Despite having lost to President Barack Obama in the 2012 presidential election, Mitt Romney returned to politics this year, emerging as one of the Republican Party’s top presidential picks.
“There is a movement afoot," GOP Wyoming Gov. Matt Mead told the Washington Post when asked if Romney 2016 is a possibility. "I’d tell him, ‘Governor Romney, people here in Wyoming and around the country would encourage you to take another look at it.’”
Last week, a CNN/ORC poll indicated if there were a re-do of the 2012 presidential election, Romney would win with 53 percent of the vote but in a matchup against former Secretary of State Hillary Clinton, he would lose by double digits. While a poll from Quinnipiac University did not include Romney, it indicated Clinton is the favorite in 2016 witht 58 percent in the primary vote for the Democratic nomination and a 7- to 9-percentage-point edge on Republicans.
Some even said Romney's new status is a direct result of Obama’s unpopularity, coupled with the fact Romney turned out to be right on many of the issues he raised in 2012 and with which Obama is grappling. One example, is Russia. In 2012, Romney said Russia would become America’s enemy No. 1 and two years later, America agrees with him.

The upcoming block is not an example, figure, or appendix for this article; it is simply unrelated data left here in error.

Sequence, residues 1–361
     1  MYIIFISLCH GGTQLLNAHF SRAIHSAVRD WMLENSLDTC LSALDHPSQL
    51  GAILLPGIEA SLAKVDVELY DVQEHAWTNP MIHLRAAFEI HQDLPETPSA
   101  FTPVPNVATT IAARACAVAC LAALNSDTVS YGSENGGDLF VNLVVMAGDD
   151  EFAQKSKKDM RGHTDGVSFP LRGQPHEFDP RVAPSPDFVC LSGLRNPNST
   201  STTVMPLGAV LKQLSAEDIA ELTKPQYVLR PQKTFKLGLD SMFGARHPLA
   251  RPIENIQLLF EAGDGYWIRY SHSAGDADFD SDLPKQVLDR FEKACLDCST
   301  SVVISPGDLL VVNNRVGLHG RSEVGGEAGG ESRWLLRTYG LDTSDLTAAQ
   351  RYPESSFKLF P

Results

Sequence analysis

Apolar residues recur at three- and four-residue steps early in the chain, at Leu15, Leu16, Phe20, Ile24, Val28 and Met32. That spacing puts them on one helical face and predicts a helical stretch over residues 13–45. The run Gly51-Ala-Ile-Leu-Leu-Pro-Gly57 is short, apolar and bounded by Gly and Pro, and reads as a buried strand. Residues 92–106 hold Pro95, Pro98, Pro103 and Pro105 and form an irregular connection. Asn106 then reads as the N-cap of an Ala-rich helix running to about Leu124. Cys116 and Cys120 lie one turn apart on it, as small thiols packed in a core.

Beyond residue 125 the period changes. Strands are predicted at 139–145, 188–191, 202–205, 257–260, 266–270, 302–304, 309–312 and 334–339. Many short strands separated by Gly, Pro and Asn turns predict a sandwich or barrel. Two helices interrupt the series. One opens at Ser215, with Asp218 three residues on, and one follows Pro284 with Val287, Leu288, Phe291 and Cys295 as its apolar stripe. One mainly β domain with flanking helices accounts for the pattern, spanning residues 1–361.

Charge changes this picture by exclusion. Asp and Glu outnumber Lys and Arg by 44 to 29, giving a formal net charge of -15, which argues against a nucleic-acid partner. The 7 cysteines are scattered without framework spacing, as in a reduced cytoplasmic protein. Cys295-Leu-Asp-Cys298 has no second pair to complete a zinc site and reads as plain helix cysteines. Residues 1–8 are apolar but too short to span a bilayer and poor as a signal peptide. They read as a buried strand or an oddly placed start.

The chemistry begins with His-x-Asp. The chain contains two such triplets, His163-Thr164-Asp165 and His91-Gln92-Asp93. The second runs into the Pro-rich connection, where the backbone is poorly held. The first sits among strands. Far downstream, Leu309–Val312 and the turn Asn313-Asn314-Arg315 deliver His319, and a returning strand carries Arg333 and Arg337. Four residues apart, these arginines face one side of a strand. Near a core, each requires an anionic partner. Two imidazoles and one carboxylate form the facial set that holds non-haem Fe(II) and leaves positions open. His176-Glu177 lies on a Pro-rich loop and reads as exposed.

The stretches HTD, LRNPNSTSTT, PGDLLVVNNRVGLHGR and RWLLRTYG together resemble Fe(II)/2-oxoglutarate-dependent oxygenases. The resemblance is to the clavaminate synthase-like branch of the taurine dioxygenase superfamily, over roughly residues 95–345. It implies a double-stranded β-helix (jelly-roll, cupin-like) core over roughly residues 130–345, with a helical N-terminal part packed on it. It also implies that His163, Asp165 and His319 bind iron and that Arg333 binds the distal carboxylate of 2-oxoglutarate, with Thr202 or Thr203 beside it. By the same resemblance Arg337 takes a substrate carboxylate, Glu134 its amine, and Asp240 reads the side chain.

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“Democrats don’t want to be associated with Barack Obama right now, but Republicans are dying to be associated with Mitt Romney,” Spencer Zwick, a longtime Romney confidant who chaired his national finance committee, told the Washington Post. “Candidates, campaigns and donors in competitive races are calling saying, ‘Can we get Mitt here?’ They say, ‘We’ve looked at the polling, and Mitt Romney moves the needle for us.’ That’s somewhat unexpected for someone who lost the election.”
However, losing might actually be helping him in this situation. Columnist Matt K. Lewis characterized Romney in The Week as "the scrappy underdog -- the loser who's out to redeem himself -- [making him] a more attractive Mitt.”
No doubt the photos shared on social media of him and his family swimming, hiking and rock climbing in what looks like the most wholesome American summer vacation ever have helped boost his image.
While no official declaration of his candidacy has been made, Romney’s campaign tour is booked solid, trying to insure Republicans win the majority in the Senate in the November elections. In August, Romney will campaign for GOP Senate and gubernatorial candidates in West Virginia, North Carolina and Arkansas, his aids told the Post.